Remember, the donor wants to know who they helped and why that’s important.  Help them.

Differentiate.  A first donation is more predictive than any other donation.  If someone donates an abnormally high amount to your first solicitation of them, they are uniquely dedicated to your cause and/or of substantially greater means than the average donor.  Chances are good that you have a special procedure for anyone who gives over a certain amount (let’s say $1000) to your organization, whether it’s a phone call or handwritten note.  I would advocate you extend this to people whose first gift is abnormally high.  It may seem odd to extend the same treatment to someone who gives $1000 and someone who gives $100, but chances are good that that $100 donor is your $1000 donor of the future.

Do not delay for differentiation.  That said, you hear horror stories of processes for larger donors that delay their thank yous.  You may think I’m exaggerating here, but at the summer camp for future non-profit direct marketers, the counselors would shine a flashlight on their face from under their chin and say things like “And then the letters sat on the executive director’s desk.  And they sat.  And they sat.  And they sat.  For over. Three.  Weeks.”  We campers would not be able to go to sleep, knowing that our best donors were getting the worst treatment.

Perhaps I went to the wrong type of summer camp.

Anyway, there are four solutions to this dilemma:

  1. Light a fire under whoever is supposed to be writing or calling
  2. Pick someone else to do the writing or calling (or have a team of people to share the load)
  3. Use a quasi-high-touch solution like outbound voice mail or pseudo-handwritten cards
  4. Send a regular thank-you note immediately, then follow-up with a phone call or handwritten note

All of these have their merits, but I strongly recommend solution four.  Not only will this thank the donor twice, which is rarely a bad thing, but it will make your process independent of personalities.  I am a big fan of processes that work regardless of the people who are in them.  You may say your ED or board member is extremely punctual with their calls and letters, but this may not always be the case.

Test high-touch pieces below where you currently are doing them.  If you aren’t differentiating at all, well, now’s a great time to start.  If you are, I recommend a test of doing handwritten notes, phone calls, or other high-touch solutions to at least a segment of whatever half of your current threshold value is (so, if you do $1000+, try it with $500+ donors).  Track their giving over the next year and see if it pans out.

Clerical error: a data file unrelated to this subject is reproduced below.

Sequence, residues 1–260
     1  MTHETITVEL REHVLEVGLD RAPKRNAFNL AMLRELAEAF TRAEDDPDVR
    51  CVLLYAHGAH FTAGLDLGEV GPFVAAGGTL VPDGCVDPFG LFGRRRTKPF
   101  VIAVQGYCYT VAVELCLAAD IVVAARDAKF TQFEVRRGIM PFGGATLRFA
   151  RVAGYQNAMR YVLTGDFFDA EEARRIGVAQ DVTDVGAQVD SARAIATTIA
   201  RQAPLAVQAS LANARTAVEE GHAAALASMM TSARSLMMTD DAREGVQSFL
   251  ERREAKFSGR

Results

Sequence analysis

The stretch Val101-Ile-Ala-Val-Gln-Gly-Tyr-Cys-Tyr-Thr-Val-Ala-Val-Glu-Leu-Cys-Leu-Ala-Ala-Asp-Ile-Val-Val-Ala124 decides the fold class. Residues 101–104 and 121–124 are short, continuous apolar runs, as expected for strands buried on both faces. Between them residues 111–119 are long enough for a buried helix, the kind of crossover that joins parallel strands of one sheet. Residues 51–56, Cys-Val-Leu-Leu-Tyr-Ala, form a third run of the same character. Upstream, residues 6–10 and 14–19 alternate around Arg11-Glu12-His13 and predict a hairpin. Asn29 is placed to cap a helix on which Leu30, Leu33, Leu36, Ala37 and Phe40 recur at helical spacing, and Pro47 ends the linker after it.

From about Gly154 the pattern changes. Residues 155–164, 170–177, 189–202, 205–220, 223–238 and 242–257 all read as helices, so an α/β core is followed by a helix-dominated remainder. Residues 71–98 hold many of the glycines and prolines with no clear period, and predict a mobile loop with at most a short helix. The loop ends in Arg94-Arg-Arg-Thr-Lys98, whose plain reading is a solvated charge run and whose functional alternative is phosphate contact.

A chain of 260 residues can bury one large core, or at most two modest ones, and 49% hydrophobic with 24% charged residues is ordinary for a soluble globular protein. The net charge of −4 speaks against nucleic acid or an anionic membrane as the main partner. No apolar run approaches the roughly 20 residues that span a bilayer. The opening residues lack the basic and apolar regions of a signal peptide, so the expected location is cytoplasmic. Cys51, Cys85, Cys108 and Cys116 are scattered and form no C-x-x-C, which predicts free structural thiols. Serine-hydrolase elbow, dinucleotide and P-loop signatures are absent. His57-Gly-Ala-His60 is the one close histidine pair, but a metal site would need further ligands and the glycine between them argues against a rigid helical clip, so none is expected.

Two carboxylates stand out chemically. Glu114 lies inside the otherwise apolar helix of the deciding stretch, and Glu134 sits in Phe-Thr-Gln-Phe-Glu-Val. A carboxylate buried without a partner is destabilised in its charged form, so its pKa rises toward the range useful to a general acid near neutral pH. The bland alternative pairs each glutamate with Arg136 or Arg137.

My guess is that, if your organization is like almost every other organization I’ve seen, three things are true:

  • Your current threshold was set by someone in the mists of time because it was a good round number that didn’t sound like an overwhelming amount of work for the person/people involved.
  • It has gone through little to no scientific inquiry in the interim.
  • There are touchpoints you can do that will raise the value of the next tier of donors that will justify the amount of work necessary.

There is a who-is-going-to-tie-the-bell-around-the-cat’s-neck problem with this solution.  I would recommend you, the reader of this blog.  Talking to contributors and thanking them for making important work possible is beneath no one.  You will likely not only get a lift in your response rates, but you will also gain vital donor intelligence that few others in your organization will get by having actual conversations with actual donors.

Turn off regular communications with new donors for a certain amount of time.  In the mail, this is easy.  Chances are you have already pulled the list of people you are going to be mailing 30-60 days from now.  Thus, a suppression emerges naturally (although you may wish to lengthen it).  For online initiates, there is a temptation to drop them into regular communications immediately.  

Don’t.

Remember yesterday’s post — you are looking to thank this person, learn about them, have them learn about (and perhaps interact in a non-donor context with) you, and make a strategic ask for a second gift.

If they are dropped into regular communications, there is a near-100% certainty that they will get asked with no learning, which is not strategic.

The amount of time is not really the important part; accomplishing your communications goals is, so you can test what the right amount of time is for you.  And, as Roger told you at the top, be sure to let them know what they can expect from you (and I would add “and allow them to change that default”).

What do you put in the interim?  Well, that’s what I’ll talk about for the rest of the week.

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Step one in welcoming: the thank you